I have over 20 years of experience supporting people as they navigate life and work transitions, crossroads, and new beginnings. My initial training as an Integral Coach was through New Ventures West. My work is also informed by wide-ranging practices and study on Human Development, including Adult Stages of Development, The Enneagram, Yoga, Meditation, Pranayama, Jungian Psychology, Neuroscience, Leadership, and Urban Zen Integrative Therapy. I am a student of the Diamond Approach: A Path for Inner Realization for more than 19 years. This method of inquiry and presence provides a spiritual base for my approach to human development. These disciplines have commonality in supporting people in personal and professional development, and living in the world in a contributing, caring, and fulfilling way. I have studied what motivates people and how growth and change happen. I support people practicing deeper awareness, expressing more of their essential selves, and living in ways that are authentic and meaningful as they serve what they most care about.

I work with people who might call themselves seekers. You ask deeper questions, some of which may have an answer, and some that don’t. You are curious and want to explore yourself and life in deeper ways. You are willing to live with the uncertainty and ambiguity life provides. I also work with people in times of change and transition. Maybe you are in an in-between space and don’t know what’s next. Maybe you want to reinvent or renew yourself. Maybe you want to explore options. You value partnership in exploring new terrain.

I work with people who might call themselves learners. Whether looking for new ways to lead, impact, or influence, you enjoy taking on challenges, finding new perspectives, moving into unknown territory. You enjoy new ideas and putting them to work. You see opportunities in the midst of volatility, change, and uncertainty in today’s world. You feel called to serve and called to act. You value a thinking partner as you take on new challenges.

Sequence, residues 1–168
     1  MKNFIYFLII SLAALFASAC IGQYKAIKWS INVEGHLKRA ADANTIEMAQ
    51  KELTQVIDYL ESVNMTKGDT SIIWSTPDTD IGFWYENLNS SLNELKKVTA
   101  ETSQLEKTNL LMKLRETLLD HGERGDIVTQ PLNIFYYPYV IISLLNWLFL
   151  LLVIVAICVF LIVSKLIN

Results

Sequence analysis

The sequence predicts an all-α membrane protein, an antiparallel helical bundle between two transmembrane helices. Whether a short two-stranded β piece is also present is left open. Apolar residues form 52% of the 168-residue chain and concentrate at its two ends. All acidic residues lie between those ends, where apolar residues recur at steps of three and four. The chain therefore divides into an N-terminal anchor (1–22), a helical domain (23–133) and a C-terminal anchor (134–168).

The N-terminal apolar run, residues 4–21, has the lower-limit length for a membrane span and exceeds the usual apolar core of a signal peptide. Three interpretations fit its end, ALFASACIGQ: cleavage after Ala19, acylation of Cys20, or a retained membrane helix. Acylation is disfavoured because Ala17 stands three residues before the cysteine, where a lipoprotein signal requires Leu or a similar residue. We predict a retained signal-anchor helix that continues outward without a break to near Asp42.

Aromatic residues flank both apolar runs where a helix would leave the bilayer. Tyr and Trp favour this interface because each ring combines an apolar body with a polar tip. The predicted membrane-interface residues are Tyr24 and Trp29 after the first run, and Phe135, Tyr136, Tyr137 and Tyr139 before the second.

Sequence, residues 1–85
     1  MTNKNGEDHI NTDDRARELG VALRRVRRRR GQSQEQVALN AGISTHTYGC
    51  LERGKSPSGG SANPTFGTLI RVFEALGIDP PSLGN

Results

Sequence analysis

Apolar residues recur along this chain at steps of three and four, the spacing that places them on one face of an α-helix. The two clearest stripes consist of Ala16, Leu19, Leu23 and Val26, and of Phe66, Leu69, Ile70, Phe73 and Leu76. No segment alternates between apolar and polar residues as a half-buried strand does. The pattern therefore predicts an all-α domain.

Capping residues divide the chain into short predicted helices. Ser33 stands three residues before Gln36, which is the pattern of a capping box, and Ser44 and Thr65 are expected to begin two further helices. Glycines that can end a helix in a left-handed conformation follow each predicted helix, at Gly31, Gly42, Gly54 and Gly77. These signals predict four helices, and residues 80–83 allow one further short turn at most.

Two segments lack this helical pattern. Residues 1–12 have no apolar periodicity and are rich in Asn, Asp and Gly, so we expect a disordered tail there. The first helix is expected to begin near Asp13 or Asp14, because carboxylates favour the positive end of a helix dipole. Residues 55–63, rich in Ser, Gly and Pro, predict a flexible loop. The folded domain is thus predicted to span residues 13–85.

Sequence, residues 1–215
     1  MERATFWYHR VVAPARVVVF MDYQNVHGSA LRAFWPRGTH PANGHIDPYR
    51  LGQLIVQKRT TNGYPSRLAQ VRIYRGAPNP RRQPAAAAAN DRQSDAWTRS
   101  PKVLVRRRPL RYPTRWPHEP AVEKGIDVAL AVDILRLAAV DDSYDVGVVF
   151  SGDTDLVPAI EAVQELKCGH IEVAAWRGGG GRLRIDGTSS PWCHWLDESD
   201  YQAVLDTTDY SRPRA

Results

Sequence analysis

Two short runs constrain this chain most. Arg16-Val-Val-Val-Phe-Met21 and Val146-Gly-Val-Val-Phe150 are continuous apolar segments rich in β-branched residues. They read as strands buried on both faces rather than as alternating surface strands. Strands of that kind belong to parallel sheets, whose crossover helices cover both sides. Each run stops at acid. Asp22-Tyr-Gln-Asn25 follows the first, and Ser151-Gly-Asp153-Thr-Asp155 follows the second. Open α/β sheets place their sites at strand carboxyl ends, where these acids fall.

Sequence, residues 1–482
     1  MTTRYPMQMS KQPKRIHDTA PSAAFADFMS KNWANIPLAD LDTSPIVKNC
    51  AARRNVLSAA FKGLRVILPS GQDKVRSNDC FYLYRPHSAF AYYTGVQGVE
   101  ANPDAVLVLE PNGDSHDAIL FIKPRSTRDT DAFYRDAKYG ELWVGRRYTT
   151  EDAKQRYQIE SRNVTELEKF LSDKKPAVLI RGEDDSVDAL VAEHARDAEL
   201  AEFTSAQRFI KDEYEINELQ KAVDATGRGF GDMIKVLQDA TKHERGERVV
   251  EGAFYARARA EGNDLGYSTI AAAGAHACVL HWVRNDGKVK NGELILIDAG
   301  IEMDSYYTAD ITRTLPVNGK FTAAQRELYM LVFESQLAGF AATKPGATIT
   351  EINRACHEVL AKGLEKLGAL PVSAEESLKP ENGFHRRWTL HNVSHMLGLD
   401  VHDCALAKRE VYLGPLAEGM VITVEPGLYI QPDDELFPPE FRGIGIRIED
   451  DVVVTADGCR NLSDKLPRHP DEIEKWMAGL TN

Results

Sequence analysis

My approach is not about problem-solving or quick fixes. It is an emergent approach where together we slow down, inquire, and open to awareness. We have genuine conversations.  We find how life shows up for you and what you would like to create. We take time for reflection, inquiry, self-observation, relevant reading, and practices. We notice the narratives, assumptions, and behaviors that limit our fullness and impact. We find areas where you feel stuck or dull and find authenticity, connection, and clarity. It builds capacity to better engage with life’s circumstances.

Most people who know me say that I ask great questions. This comes naturally for me, from my days as a lawyer when asking insightful questions was key to understanding situations in a more complete way. Questions guide my life even when there are no answers. Questions, both big and small, reflect my curiosity about life, people, and the unknown aspects of life. These questions support clients in self-reflection, awareness, and direction.

I’m an advocate of taking on experiential practices and experiments to shift mindsets, moods, and open to new ways of being and ways to take action in the world. My approach is one of vertical development. Vertical development shifts one’s ability to think in more complex ways. As we become more connected to ourselves and others, we are more creative, less reactive, open, and courageous. It gives us greater capacity to make meaning and expands perspective and ways of responding.